He had found some balance while awaiting their arrival, so he smiled now as they approached and knelt.
“Get up, both of you. It’s time we had a talk.”
Eric looked up expectantly, but Dahr looked unhappy.
“Don’t worry Dahr. I won’t ask you anything that will get you in trouble with your god.”
Dahr nodded, relieved.
“I did want to ask you about a comment you made, however. Tell me, what do you know of undead farmers?”
“Nothing really. Only that they exist.”
“Can you tell me where you heard about them?”
“I have visions. I saw one during a vision, but it was in passing.”
“Visions? Do you have them often?”
“I don’t know if it’s okay to talk about them,” replied Dahr, hesitantly.
“It’s fine. Let’s talk about something else. Since you’ve seen undead in one of these visions, let me tell you a bit about them.”
Both of the boys leaned forward expectantly. King Terrence sat back on his throne and stared off into the distance, remembering. How could he begin to explain the fear, the tension of waiting, the pain of seeing so many good men fall, the mad vicious attacks that came without warning. The need to live just one more day so you could take the fight back to the enemy. There were no words. No words. Yet his sons stood waiting for him to speak. They expected him to share this festering wound on his soul. They expected him to prepare them for what was to come. He prayed with all his might to Sheba that whatever was coming, it had nothing to do with Xarinos or the Undead King. He didn’t know how long he sat there, haunted, scared to even begin to speak for fear of the nightmares returning. Finally, the king drew a deep breath and heard his own voice as if from a great distance.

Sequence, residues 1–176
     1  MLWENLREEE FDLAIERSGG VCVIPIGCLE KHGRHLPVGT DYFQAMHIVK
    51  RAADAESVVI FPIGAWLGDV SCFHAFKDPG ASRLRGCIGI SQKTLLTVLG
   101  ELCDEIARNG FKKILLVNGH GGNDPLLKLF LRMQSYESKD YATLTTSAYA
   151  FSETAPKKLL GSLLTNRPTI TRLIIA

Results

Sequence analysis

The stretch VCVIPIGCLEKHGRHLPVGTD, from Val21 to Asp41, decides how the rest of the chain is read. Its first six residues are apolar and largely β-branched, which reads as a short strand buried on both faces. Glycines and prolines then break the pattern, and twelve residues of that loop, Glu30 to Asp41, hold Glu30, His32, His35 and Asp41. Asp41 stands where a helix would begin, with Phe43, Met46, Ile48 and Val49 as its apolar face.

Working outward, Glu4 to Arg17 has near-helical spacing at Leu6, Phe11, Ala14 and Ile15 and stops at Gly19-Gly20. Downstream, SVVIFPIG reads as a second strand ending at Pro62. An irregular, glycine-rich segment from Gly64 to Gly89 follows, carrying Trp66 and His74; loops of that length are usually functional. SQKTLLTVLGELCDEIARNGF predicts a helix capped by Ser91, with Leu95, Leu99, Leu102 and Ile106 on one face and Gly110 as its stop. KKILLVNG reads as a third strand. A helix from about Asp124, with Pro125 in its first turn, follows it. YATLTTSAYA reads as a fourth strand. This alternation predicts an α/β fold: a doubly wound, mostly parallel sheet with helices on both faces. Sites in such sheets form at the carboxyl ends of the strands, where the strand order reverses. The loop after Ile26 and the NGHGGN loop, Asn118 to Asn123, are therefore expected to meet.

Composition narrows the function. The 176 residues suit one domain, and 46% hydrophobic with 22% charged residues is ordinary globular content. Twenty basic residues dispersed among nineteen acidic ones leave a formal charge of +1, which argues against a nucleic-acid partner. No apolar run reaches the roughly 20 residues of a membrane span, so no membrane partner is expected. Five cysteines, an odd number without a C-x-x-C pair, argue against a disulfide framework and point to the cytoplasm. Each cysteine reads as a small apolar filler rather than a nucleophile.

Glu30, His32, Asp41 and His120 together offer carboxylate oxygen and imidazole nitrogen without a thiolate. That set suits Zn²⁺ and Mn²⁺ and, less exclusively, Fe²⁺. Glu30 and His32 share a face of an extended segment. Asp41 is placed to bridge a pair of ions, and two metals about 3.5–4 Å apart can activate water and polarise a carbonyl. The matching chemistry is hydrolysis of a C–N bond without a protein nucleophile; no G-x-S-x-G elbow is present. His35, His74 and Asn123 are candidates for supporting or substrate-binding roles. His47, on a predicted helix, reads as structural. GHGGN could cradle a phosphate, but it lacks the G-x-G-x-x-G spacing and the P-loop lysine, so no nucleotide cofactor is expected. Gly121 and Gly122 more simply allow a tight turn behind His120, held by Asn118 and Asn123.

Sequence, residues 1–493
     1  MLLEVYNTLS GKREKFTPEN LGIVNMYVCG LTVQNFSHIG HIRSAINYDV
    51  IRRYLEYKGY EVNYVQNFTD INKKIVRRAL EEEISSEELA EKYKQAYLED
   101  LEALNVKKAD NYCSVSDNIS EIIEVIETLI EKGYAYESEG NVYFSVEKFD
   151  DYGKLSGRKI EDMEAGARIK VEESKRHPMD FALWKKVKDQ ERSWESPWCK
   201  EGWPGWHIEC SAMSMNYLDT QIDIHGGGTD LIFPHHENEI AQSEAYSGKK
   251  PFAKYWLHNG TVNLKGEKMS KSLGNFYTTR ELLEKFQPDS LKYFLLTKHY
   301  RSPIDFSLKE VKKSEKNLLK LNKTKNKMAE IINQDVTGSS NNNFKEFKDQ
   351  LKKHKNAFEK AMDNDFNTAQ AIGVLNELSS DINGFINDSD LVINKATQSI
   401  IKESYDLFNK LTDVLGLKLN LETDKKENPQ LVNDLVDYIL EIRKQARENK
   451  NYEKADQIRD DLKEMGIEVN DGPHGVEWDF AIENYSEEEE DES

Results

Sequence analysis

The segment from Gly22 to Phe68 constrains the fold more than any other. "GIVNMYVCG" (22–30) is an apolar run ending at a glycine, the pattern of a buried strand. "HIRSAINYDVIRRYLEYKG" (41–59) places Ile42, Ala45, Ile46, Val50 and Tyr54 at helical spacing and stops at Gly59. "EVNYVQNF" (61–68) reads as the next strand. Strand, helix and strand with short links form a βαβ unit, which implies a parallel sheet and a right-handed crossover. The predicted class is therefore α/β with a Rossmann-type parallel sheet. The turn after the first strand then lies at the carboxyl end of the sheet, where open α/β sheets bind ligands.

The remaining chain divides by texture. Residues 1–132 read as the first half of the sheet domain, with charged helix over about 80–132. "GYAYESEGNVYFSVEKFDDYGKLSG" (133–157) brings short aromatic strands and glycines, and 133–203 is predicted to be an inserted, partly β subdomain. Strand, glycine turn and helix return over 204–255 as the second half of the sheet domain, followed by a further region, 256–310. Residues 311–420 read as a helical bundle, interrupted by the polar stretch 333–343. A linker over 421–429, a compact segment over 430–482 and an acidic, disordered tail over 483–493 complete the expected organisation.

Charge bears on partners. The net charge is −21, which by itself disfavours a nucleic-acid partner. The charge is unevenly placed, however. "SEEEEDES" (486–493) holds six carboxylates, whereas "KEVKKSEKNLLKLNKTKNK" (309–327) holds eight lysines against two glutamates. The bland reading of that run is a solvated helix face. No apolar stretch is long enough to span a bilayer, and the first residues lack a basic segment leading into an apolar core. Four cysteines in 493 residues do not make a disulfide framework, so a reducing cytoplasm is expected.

“When the undead attacked Death’s Doorstep, the entire world united against them. Everyone understood the threat, so each kingdom sent as many troops as they could. The force arrayed against the Undead King was unprecedented. Enemy kingdoms that hadn’t spoken in years fought side by side against the greater threat.”
“I don’t understand,” interrupted Dahr. “What was the threat?”
The king’s eyebrows rose in surprise. With all Dahr seemed to know, this gap in his knowledge felt odd to say the least. “When you bury something on the Plains of Xarinos, it doesn’t stay dead. We didn’t understand at first. Every time they attacked us, we lost people and they lost people. But their people came back and ours didn’t. Until they did. The Undead took our corpses and buried them. And when they came back, they were changed.”
“Changed how?” asked Dahr, fascinated.
“When you’re at war, even if you’re king, you can grow close to the men you’re fighting with. One of my favorites was an archer named Kerren. He was a fine shot, and as brave as any man I’d ever met. An optimist by nature, Kerren never expected to die, but he did, when the undead over ran our fortified position through sheer strength of numbers. We were driven back, forced to retreat, but not all of us made it out.